Confirm with Excel 2007: Office button > Excel options > Formulas > Workbook Calculation > Automatic.

Short key to refresh


  • Thank you! We already had the calculation options set to automatic and didn't know why values weren't updating. F9 and Shift+F9 didn't help and left the values the same. Ctrl+F9 not only updated the values, but fixed the problem so it didn't happen again.
    – april4181
    Dec 14, 2015 at 20:52
  • Ctrl+F9: Minimizes a workbook window to an icon. Maybe this has changed in recent Office versions, what helped me was: Ctrl+Alt+F9 : Calculates all worksheets in all open workbooks, regardless of whether they have changed since the last calculation.
    – Andre
    Aug 11, 2021 at 10:39

I had a case of this just now on Excel 2010: a particular spreadsheet that would not auto-recalculate. I changed the setting as indicated above; but the auto-recalculate still did not work, and upon rechecking the "Calculation" option, found it had reset itself back to "Manual" all by itself. Three attempts later and it was still adamant it wanted to be "Manual" and nothing else.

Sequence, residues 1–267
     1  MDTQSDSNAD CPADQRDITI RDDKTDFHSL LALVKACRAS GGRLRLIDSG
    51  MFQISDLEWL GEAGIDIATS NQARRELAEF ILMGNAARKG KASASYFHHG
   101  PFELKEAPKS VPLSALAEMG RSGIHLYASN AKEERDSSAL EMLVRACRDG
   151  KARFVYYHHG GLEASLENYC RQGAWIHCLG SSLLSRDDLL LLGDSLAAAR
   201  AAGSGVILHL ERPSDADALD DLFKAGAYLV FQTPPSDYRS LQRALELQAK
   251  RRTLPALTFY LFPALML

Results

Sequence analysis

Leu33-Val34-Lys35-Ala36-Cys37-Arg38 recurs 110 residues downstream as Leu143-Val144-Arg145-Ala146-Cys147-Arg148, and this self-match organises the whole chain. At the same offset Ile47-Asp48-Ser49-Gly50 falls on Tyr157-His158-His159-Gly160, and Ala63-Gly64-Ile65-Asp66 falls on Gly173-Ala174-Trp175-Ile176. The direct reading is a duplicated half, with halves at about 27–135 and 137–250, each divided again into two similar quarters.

So here is my solution to the problem:

Copy the contents of the spreadsheet to a new one, and deleted the old one (it wasn't a particularly important spreadsheet, thankfully), and everything was fine. I can only assume that somehow the file had become corrupted.

A good reason to keep backups.

  • 5
    If that workbook was an .XLSM or .XLSB it may have had a rogue Worksheet_Change or similar event macro that utilized Application.Calculation = xlCalculationManual and either errored out or simply did not reset it to xlCalculationAutomatic.
    – user385793
    Dec 22, 2014 at 15:33